Happy Birthday Frank Oz: A Wild & Varied Career
Today is Frank Oz''s birthday, and the director, Jim Henson acolyte, and voice actor has been the voice of Yoda since 1980's The Empire Strikes Back. Oh, and he also voiced Bert, Cookie Monster, Grover, Fozzie Bear, Miss Piggy, Animal, and Sam The Eagle. So if you have been a child, or a nerd, anytime in the past 40 years, you grew up with Oz's voice in your head, one way or another. The vocal cords are strong in this one.
Other than voice acting and puppetry, he's also made some of the funniest and varied films of the past few decades. Hit or miss, he has his comical stamp on his cinematic body of work. The Stepford Wives was pretty much awful, but Oz did the best he could with a failing script from Paul Rudnick. You may remember that Rudnick also wrote Marci X, which currently sits at 100 on IMDb's Botton 100 list.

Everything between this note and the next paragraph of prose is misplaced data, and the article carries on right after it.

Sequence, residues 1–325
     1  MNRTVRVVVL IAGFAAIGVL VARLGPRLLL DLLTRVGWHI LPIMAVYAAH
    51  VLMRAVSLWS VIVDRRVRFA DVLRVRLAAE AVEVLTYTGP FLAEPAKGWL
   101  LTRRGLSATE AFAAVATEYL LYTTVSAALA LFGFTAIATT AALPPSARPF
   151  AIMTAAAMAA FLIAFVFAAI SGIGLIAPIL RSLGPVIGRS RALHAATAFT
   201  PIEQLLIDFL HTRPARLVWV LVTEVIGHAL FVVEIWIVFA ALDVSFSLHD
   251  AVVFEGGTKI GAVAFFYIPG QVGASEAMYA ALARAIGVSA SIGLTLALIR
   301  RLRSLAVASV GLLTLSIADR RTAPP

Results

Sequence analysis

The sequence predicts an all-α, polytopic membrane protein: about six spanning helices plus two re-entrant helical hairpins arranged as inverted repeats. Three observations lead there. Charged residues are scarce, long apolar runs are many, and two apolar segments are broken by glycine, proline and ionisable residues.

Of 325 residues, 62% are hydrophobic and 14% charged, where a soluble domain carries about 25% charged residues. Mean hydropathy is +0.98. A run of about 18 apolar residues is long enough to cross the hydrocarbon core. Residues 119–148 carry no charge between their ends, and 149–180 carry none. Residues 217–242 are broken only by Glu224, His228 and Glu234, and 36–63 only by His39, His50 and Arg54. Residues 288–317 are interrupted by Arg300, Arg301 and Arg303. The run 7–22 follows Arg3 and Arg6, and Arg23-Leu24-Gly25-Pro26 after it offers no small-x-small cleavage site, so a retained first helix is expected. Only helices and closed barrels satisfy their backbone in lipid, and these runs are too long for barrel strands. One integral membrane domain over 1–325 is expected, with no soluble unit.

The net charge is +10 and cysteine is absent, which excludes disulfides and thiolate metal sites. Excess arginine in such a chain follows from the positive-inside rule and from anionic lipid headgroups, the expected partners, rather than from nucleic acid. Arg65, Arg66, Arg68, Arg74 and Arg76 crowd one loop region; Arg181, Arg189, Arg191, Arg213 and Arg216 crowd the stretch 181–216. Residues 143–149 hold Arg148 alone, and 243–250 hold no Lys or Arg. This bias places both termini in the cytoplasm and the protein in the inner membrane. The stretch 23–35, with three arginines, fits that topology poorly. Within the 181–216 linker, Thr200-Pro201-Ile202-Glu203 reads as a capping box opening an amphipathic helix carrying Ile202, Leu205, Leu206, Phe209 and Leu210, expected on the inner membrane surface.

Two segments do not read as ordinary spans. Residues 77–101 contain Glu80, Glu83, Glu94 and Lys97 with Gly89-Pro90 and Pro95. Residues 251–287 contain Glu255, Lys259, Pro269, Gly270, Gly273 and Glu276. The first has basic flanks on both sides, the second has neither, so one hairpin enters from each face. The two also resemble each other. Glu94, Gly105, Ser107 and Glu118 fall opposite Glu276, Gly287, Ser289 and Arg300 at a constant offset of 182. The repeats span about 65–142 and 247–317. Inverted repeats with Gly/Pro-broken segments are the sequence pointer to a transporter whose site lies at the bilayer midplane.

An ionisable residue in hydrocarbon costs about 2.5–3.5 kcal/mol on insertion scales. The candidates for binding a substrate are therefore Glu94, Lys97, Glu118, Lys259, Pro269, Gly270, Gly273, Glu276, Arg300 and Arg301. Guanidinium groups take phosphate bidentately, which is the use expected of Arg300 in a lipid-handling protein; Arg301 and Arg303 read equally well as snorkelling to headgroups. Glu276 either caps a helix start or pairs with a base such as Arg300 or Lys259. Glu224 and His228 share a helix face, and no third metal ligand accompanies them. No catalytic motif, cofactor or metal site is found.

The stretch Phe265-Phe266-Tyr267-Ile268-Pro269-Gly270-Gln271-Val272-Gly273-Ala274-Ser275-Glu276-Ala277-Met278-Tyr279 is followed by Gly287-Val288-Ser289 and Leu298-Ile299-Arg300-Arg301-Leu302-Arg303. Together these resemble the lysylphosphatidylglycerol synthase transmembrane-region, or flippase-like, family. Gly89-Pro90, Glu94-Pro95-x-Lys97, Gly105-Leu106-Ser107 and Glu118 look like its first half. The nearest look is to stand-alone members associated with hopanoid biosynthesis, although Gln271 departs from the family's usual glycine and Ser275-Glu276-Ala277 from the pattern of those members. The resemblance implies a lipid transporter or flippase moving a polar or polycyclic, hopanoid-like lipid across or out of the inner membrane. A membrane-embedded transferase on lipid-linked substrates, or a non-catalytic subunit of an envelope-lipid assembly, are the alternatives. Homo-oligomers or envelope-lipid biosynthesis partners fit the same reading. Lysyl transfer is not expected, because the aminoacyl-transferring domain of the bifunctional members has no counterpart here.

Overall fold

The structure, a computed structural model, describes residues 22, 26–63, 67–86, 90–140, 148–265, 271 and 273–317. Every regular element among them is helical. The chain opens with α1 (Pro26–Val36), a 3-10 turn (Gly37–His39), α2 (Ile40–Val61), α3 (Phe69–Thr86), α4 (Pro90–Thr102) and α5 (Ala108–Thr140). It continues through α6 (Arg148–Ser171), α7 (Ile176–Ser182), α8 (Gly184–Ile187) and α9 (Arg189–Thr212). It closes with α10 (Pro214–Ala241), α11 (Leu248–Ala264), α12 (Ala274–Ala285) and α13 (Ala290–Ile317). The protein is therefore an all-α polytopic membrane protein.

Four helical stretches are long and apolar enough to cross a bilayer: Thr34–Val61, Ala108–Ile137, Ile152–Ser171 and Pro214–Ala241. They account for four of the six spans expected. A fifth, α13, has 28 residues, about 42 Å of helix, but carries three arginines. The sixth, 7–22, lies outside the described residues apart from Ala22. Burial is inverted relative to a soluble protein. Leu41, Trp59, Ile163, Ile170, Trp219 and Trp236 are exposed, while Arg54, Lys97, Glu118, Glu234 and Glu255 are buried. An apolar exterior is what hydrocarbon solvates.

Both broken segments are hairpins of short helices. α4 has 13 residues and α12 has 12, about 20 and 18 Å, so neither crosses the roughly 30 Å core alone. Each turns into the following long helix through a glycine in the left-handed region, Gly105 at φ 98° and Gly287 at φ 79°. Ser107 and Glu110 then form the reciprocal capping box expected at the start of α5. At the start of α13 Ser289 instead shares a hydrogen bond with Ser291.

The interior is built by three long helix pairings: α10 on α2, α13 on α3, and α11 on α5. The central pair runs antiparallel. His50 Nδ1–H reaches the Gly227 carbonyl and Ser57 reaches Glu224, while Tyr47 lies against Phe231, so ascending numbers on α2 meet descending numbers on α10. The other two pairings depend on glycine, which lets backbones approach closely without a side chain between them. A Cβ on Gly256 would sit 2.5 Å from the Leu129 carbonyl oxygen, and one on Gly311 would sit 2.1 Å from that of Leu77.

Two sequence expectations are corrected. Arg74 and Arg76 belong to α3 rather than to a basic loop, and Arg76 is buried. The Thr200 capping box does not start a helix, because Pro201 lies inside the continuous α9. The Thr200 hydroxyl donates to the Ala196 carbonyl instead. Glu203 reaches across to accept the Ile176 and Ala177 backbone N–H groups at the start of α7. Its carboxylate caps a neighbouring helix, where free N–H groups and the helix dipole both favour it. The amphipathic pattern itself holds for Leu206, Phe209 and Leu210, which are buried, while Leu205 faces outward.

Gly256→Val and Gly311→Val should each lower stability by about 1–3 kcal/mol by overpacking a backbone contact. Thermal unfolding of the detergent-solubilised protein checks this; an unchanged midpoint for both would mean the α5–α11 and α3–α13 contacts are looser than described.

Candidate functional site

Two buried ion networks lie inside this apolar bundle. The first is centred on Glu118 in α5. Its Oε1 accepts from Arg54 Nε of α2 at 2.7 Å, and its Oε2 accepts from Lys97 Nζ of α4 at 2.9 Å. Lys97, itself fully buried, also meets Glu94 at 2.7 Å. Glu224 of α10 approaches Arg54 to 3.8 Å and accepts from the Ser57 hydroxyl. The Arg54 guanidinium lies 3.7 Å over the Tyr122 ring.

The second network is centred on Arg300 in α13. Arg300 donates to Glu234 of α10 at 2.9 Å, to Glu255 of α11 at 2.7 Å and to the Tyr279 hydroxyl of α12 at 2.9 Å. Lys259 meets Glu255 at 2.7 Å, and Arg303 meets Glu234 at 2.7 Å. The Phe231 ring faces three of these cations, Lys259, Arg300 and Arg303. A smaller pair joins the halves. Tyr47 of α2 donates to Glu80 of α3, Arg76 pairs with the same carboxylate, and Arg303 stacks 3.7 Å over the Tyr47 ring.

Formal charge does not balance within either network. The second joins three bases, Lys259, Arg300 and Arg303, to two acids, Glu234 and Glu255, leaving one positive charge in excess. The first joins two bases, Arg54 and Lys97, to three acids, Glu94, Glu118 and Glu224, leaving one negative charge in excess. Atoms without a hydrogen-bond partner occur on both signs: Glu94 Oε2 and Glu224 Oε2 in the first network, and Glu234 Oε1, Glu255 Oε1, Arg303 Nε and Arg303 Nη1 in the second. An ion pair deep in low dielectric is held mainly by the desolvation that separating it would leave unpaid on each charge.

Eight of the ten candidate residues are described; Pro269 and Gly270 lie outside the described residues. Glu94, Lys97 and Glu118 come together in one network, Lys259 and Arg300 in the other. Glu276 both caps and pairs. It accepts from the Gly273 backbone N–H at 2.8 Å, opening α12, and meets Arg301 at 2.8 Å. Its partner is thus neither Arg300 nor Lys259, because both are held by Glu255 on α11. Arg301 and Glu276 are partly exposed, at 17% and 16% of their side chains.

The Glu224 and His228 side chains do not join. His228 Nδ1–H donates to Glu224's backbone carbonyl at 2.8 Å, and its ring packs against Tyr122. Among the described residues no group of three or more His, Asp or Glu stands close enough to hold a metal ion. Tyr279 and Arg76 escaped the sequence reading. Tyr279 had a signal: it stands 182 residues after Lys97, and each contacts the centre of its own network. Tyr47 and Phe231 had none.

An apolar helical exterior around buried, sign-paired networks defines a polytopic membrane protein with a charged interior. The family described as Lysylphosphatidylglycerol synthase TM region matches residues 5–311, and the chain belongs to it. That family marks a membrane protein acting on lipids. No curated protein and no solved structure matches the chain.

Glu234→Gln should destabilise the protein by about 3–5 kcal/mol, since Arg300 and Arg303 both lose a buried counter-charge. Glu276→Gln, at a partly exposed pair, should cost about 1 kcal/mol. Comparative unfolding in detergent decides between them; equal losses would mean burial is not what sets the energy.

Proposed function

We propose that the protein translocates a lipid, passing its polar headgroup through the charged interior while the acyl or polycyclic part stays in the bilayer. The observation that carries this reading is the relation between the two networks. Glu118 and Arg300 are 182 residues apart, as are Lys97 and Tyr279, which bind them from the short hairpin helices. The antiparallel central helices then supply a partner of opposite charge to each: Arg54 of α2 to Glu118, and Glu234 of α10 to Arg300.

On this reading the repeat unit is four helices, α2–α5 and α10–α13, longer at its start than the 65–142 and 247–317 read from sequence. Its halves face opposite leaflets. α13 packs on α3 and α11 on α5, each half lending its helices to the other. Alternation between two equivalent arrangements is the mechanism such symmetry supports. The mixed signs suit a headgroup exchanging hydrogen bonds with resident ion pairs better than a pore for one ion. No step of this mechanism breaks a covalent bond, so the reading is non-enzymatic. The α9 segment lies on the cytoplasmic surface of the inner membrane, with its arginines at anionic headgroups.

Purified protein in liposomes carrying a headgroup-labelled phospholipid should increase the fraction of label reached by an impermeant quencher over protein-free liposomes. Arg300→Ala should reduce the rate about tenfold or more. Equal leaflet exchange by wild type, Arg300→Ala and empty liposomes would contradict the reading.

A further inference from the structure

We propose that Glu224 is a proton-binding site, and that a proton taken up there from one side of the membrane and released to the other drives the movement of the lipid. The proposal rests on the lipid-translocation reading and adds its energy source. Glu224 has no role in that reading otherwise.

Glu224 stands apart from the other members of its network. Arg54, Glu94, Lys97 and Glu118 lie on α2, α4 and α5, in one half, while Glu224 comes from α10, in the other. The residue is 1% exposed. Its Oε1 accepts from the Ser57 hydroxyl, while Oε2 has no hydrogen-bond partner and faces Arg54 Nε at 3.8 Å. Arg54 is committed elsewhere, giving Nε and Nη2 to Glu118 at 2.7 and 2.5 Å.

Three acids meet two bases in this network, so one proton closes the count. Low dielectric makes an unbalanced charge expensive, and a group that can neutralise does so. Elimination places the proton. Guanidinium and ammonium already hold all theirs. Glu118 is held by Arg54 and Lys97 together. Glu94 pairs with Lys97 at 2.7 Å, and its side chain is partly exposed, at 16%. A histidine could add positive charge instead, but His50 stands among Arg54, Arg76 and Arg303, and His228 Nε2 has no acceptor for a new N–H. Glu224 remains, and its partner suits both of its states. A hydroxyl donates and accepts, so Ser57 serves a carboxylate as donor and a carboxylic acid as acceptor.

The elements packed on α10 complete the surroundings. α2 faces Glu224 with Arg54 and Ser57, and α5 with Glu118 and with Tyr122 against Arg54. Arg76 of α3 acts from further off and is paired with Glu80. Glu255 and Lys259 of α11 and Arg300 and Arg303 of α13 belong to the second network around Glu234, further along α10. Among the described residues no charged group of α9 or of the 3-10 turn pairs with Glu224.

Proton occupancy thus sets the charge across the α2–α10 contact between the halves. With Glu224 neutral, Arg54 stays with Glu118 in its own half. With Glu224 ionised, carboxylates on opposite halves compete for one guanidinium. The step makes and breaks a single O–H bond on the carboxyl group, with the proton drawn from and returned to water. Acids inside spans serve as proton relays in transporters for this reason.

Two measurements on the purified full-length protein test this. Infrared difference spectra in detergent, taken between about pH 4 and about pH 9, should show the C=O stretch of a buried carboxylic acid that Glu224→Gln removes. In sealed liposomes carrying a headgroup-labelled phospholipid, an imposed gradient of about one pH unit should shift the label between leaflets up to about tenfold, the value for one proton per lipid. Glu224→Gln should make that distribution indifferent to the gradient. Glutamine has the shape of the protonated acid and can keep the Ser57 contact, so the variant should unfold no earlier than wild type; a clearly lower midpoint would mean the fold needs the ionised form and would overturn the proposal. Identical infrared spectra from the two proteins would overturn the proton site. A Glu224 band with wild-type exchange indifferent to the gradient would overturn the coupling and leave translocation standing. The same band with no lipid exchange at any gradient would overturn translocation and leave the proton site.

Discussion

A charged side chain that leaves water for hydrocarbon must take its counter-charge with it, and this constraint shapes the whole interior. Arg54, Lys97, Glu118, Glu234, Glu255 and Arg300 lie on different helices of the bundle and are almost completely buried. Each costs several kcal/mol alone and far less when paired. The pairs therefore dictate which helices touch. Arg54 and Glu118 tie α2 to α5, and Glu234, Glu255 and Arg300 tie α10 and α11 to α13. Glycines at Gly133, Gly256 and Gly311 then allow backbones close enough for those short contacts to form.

But Oz has made triumphs like What About Bob?, pairing tight-ass Richard Dreyfuss with Bill Murray, the coolest man alive, and the immortal The Dark Crystal, which is second only to Labyrinth as far as female-friendly fantasy films go. It was as if Henson and Oz spent a year smoking pot and looking at Yes album covers and decided to write a movie and make puppets.
He broke barriers with Kevin Kline in 1997's In & Out, which benefited from Ellen DeGeneres' coming-out earlier that year for the world to see. And who could forget 1986's Little Shop Of Horrors, the second film adaptation of the stage musical, featuring Ellen Greene at her sexiest and nerdiest. Feed me, Seymour!
The Stepford Wives
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